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Victoria’s dental system faces a pandemic-fuelled crisis that has left patients in parts of the state waiting more than three years for treatment, key services for children shelved, and some dentists being forced to close their businesses.
Days after doctors warned about emergency departments being so stretched that lives were being put at risk, new figures reveal dentistry is also under immense strain as waiting lists blow out to record levels amid fears of long-term dental disease problems for years to come.
Victoria’s dental system is under enormous strain.Credit:Justin McManus
“From a practitioner perspective, it’s as challenging as anything I’ve known in 25 years in terms of the uncertainty and stress in the profession,” said Associate Professor Matthew Hopcraft, chief executive of the Australian Dental Association’s Victorian branch.
“And from a patient point of view, the ongoing limited access to care is definitely having an impact on oral care, with some dentists saying they’re seeing the worst [teeth] problems they’ve ever seen … We’re pushing towards a crisis.”
The government’s latest quarterly report shows that the public dental waiting list has spiked again, with patients now waiting an average of 23 months for general treatment – the worst delay in a decade – and an average of 15 months to see a specialist, such as an orthodontist or prosthodontist.
Associate Professor Matthew Hopcraft, CEO of the Australian Dental Association’s Victoria branch, says dental health has suffered during lockdown.Credit:Vince Caligiuri
However, government data obtained by the Dental Association under freedom of information laws reveals the state average masks even bigger delays in regions including Maryborough (where the district health service recorded an average wait time of 48.7 months); Nillumbik (36.3 months) and Monash (32.1 months).
The association’s figures also show that only 170,000 Victorian adults could get treatment in the public dental system over the past 12 months, a decline of more than 70,000 patients from the previous year.
“The system is chronically underfunded – that’s why the waiting lists are so bad,” Professor Hopcraft said.
The government says its last budget invested $360 million in public dental care and that waiting lists do not include emergency patients, who made up the bulk of patients seen over the past financial year.
Victoria’s COVID-19 restrictions have nonetheless led to challenges. Non-urgent procedures have been put on hold by the government, including its “Smile Squad” dental vans, which provide public school students with free check-ups and cleaning, as well as fillings, root canals, extractions, and fluoride applications.
Some dentists in private practice have shut down – a fate many other small business owners have also faced since the pandemic began. And dental education and training has taken a hit too, industry figures say, with some students missing out on critical placements because of lockdowns and restrictions.
In the eastern suburb of Camberwell, Melbourne mother Sheila John knows all too well about the lengthy waiting times for dental treatment. Her son Kyle has had braces since 2019 but has had four appointments cancelled since, and with Melbourne in its sixth lockdown “there’s just no end in sight”.
“I feel like it’s a bit of a ‘first-world problem’ but on top of the home schooling and all the other pressures that children are under, he’s been stuck with these braces on his teeth for two years now, solely because every time he’s due to have alterations, his appointment gets cancelled,” she says.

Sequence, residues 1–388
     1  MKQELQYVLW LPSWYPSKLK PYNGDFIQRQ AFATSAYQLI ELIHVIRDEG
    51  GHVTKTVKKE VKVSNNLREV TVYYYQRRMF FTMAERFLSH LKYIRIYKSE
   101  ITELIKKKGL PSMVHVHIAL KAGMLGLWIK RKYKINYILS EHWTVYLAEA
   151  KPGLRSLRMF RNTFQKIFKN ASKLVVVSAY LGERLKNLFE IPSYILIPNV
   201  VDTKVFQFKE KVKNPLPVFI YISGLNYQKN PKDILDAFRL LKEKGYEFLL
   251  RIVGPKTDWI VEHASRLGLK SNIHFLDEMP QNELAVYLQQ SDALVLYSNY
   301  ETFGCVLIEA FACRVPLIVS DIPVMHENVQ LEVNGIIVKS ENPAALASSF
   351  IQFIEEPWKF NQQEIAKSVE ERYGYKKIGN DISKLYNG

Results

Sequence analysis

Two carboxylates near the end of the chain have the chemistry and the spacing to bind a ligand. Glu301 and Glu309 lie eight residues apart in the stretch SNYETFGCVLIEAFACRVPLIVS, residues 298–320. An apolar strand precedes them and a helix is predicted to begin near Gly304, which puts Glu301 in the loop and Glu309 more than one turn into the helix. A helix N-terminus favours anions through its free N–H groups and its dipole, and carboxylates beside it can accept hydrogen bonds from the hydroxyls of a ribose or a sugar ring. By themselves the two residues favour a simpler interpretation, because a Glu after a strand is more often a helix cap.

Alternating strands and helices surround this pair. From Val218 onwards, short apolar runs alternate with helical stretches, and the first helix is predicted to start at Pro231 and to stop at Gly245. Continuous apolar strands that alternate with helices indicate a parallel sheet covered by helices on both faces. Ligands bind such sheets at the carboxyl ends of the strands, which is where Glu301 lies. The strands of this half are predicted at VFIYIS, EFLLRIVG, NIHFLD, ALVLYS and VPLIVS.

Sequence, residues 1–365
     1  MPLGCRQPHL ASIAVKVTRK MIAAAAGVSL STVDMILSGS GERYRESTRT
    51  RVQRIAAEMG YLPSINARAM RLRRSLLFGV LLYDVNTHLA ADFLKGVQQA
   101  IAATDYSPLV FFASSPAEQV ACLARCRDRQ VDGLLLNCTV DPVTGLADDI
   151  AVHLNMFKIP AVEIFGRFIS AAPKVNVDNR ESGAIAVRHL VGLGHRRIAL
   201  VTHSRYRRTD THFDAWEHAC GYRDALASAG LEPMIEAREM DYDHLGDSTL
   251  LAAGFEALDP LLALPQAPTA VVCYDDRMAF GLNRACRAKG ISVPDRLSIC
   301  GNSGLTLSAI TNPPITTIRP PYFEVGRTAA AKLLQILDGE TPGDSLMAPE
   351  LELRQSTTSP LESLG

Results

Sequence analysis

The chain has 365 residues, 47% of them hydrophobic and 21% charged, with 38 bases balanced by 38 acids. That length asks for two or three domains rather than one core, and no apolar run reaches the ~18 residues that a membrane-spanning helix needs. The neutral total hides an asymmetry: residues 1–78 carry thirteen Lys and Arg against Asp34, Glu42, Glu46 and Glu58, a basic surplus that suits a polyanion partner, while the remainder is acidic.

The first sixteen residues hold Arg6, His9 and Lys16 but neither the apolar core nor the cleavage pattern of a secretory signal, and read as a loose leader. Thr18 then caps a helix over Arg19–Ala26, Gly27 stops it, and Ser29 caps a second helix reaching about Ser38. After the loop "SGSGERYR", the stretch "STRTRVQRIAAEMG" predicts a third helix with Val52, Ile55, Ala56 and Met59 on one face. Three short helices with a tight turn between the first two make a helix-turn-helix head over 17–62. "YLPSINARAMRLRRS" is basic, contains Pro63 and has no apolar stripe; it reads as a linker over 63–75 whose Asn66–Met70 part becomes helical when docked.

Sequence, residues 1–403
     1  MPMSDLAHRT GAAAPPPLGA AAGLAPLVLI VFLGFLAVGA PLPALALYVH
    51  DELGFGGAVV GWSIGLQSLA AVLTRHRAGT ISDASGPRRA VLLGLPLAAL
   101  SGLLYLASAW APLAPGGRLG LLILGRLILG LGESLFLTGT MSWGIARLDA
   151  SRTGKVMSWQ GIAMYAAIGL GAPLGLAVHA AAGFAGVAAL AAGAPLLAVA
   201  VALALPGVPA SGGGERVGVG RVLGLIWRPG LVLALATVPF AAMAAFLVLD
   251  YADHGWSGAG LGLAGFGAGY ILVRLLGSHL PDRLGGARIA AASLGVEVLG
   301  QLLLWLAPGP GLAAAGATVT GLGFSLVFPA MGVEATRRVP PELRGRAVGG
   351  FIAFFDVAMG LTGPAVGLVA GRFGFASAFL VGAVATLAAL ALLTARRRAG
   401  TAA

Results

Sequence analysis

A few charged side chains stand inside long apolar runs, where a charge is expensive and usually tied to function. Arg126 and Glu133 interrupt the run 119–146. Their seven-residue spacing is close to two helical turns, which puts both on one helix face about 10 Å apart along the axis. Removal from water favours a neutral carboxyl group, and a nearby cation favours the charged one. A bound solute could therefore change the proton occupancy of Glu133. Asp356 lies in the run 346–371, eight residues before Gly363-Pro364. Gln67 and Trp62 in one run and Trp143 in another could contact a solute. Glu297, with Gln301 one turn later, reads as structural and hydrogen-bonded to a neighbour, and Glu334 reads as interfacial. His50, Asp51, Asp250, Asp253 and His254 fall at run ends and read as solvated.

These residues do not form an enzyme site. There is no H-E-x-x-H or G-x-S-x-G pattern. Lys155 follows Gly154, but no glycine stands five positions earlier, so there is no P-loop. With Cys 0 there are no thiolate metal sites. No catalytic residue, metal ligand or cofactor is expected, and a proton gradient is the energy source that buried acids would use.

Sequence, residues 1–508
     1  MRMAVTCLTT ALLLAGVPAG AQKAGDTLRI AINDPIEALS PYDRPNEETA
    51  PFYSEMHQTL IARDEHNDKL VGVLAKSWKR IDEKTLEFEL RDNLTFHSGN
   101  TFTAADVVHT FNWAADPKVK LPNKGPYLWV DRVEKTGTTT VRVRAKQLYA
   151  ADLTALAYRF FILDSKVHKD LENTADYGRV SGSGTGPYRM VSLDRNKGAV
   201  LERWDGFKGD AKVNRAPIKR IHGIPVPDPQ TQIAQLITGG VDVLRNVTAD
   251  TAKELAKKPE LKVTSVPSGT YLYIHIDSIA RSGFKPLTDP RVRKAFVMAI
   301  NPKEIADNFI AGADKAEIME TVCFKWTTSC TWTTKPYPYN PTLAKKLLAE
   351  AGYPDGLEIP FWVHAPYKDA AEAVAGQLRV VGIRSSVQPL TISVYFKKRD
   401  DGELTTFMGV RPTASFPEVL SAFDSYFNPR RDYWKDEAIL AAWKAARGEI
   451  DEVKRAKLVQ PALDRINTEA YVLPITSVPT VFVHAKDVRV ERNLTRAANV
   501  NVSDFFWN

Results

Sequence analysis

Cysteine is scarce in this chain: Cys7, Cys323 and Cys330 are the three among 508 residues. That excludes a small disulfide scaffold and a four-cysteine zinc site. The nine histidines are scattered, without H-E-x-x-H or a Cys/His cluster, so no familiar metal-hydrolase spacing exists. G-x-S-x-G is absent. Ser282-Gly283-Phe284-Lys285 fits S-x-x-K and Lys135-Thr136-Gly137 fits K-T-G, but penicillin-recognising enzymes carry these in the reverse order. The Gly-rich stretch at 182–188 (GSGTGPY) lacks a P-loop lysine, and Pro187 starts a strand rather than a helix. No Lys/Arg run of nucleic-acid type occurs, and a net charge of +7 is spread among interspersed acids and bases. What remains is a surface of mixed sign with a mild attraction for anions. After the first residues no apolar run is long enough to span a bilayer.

It’s a similar story for 37-year-old Erin Grant, who started orthodontic treatment in October 2019 and expected to have her braces removed by February this year – just in time for her wedding several weeks later.
But coronavirus restrictions meant she could only temporarily take off the top half of her braces for her big day (which also had to be pushed back a month). She is still waiting for an appointment to have them properly removed.
“With teeth it’s not just the discomfort, it’s the mental load as well,” she says. “I’m nearly 40 and I still have braces – and I had braces as a kid – so it’s just layer upon layer.”
The strain on the public dental system is emblematic of a broader crisis affecting healthcare in Victoria amid a global pandemic that is showing no signs of easing until enough Australians are fully vaccinated.
As reported by The Age on Saturday, the state is battling a dire shortage of nurses because many have been redeployed from mental health units or aged care settings to work as contact tracers, vaccinators and testing centre staff.
Hospitals are also stretched, with patients turned away from emergency departments at Sunshine and Footscray hospitals on Tuesday when more than 220 staff were forced into isolation.
A spokesman for Health Minister Martin Foley said the last budget had delivered funding for an extra 40,000 dental treatments “but we know there is more to do, which is why it is critical that the Commonwealth government reverses their 30 per cent reduction in public dental services and commits to a long-term funding arrangement”.
The federal government contributes through national funding agreement with the states and through the Child Dental Benefits Scheme. Victoria’s public dental system is also funded through the Department of Health, with services delivered through the Royal Dental Hospital Melbourne and 79 clinics across the state.
Opposition health spokeswoman Georgie Crozier said the system was in crisis. “Too many Victorians with existing dental conditions are waiting for longer to receive their dental care, and as a result their conditions are worsening,” she said.
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